Bug #500


set-uid script with -p in magic number gets Exec format error

Added by Roland Mainz almost 13 years ago. Updated almost 13 years ago.

cmd - userland programs
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[Originally filed as]
The following script, when run as a set-uid script, fails to execute,
reporting an "Exec format error" instead:

$ cat ok.ksh
#!/bin/ksh -p

print "okay"

This is odd because ksh -p is documented as doing nothing more than suppressing the processing of the user's $HOME/.profile and using
/etc/suid_profile instead of the ENV variable. Nothing in available ksh93 documentation suggests that -p is incompatible with set-uid scripts.

Work Around

Remove the options from the #! line and use a "set" line instead to set the same options. For instance, the following line:

#!/usr/bin/ksh -p

can be replaced by these lines:

set -p

Does not seem to have anything to do with the "-p" option specifically. The script fails in exactly the same way if we use any options, "-x", "-v", etc.

The difference between the way a suid script is executed and a regular one is that in case of a suid script, the script to be executed is passed as a /dev/fd parameter to close the "replace script between exec and open by shell" hole (usr/src/uts/common/exec/shbin/shbin.c). This, with ksh93, seems to have a problem only if there are options specified on the command line.

The program below demonstrates this:

$ cat testexec.c
#include <stdio.h>
#include <fcntl.h>
#include <unistd.h>

main() {
int fd = -1;
char devfd32;
char *script = "/tmp/ok.ksh";

fd = open(script, O_RDONLY);
sprintf(devfd, "/dev/fd/%d", fd);
execl("/usr/bin/sparcv9/ksh93", "ksh", "-v", devfd, NULL);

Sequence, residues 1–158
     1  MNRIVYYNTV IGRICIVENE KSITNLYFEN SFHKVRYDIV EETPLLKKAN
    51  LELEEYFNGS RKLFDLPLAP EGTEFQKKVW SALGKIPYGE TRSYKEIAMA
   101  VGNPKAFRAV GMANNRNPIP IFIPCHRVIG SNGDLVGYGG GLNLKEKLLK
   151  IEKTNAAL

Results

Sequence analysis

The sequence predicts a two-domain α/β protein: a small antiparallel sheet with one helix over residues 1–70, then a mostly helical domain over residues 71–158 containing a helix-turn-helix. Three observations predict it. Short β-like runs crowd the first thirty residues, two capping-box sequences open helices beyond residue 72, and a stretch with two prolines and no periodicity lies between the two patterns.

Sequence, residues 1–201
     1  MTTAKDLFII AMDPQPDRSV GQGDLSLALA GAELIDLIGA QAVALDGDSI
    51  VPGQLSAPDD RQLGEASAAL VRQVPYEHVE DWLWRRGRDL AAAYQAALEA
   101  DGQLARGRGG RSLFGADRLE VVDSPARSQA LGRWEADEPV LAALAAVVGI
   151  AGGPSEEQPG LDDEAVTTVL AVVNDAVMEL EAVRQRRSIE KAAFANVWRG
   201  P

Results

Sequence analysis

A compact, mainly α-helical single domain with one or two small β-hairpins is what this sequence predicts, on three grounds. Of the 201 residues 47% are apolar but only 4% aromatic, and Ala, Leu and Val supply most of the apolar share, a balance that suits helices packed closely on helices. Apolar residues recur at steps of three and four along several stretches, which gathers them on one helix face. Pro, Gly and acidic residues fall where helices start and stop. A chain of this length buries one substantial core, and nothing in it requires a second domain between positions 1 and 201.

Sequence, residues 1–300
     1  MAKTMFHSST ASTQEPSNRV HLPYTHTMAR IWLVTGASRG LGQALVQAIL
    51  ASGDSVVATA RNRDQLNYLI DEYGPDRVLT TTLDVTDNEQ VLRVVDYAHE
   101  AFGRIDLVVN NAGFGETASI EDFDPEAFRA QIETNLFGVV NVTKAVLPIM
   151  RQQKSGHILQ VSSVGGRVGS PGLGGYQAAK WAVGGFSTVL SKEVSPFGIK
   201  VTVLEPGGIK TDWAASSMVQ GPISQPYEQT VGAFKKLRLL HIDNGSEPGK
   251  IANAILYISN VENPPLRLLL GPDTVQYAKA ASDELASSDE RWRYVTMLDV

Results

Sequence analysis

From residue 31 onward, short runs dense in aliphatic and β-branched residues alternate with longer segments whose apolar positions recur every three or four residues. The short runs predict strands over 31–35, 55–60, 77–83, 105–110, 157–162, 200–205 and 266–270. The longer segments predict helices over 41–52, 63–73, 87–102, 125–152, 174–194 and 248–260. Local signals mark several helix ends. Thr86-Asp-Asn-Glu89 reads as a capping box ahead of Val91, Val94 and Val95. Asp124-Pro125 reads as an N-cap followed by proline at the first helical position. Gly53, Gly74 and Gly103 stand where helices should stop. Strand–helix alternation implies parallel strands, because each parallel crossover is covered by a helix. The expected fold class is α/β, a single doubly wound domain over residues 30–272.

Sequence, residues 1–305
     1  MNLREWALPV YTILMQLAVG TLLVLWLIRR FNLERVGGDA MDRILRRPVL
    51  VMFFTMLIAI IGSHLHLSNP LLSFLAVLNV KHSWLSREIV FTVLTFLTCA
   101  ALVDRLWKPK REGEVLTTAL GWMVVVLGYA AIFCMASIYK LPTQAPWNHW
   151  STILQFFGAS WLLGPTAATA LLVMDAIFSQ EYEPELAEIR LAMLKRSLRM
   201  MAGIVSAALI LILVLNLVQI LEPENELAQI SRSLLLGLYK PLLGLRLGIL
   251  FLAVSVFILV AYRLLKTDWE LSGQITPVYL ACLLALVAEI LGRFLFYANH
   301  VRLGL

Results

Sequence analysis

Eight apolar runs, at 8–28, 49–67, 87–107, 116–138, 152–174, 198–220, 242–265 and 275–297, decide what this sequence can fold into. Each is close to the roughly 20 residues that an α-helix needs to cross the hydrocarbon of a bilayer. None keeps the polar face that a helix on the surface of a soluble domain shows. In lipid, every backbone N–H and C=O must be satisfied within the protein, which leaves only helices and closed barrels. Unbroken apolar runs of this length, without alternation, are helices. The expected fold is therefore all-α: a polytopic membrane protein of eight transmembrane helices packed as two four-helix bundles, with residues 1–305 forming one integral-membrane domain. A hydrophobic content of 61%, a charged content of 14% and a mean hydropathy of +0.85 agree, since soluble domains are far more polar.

//execl("/usr/bin/sparcv9/ksh93", "ksh", "-v", script, NULL);
//execl("/usr/bin/bash", "bash", "-v", devfd, NULL);
//execl("/usr/bin/sparcv9/ksh93", "ksh", devfd, NULL);
perror("exec failed");
$ ./testexec
/usr/bin/ksh: /usr/bin/ksh: cannot execute [Exec format error]

This fails irrespective of whether the script is suid or not. And the other commented execl() lines in the source (using the script directly instead of the /dev/fd path, bash with command line options and the devfd path, or ksh93 without command line options) all work perfectly.
A few interesting twists:

$ cp testexec kshexec
$ ./kshexec

(Renaming the script to something starting with 'ksh' makes it start working.)

$ SHELL=/bin/ksh ./testexec
ksh: ksh: cannot execute [Exec format error]
$ SHELL=/bin/bash ./testexec
/usr/bin/ksh: /usr/bin/ksh: cannot execute binary file

(Though we are invoking ksh93 directly, it does an exec of itself when we use /dev/fd/XX scripts where it ends up using the SHELL environment variable.)
The culprit seems to be the code below:

1216 shp->st.dolv=argv+(argc-1)-shp->st.dolc;
1217 shp->st.dolv0 = argv0;

Here, we are overwriting one of the arguments of argv (because shp->st.dolv indexes into the argv vector).

In this particular case, argv which originally looked like this:

ksh, -v, /dev/fd/3

ends up looking like this:

ksh, ksh, /dev/fd/3

We then pass the mangled argv to execv():


298 /* exec to change $0 for ps */
299 execv(pathshell(),av);

As a consequence, ksh tries to load the ksh binary as a shell script and fails with an "Exec format" error.



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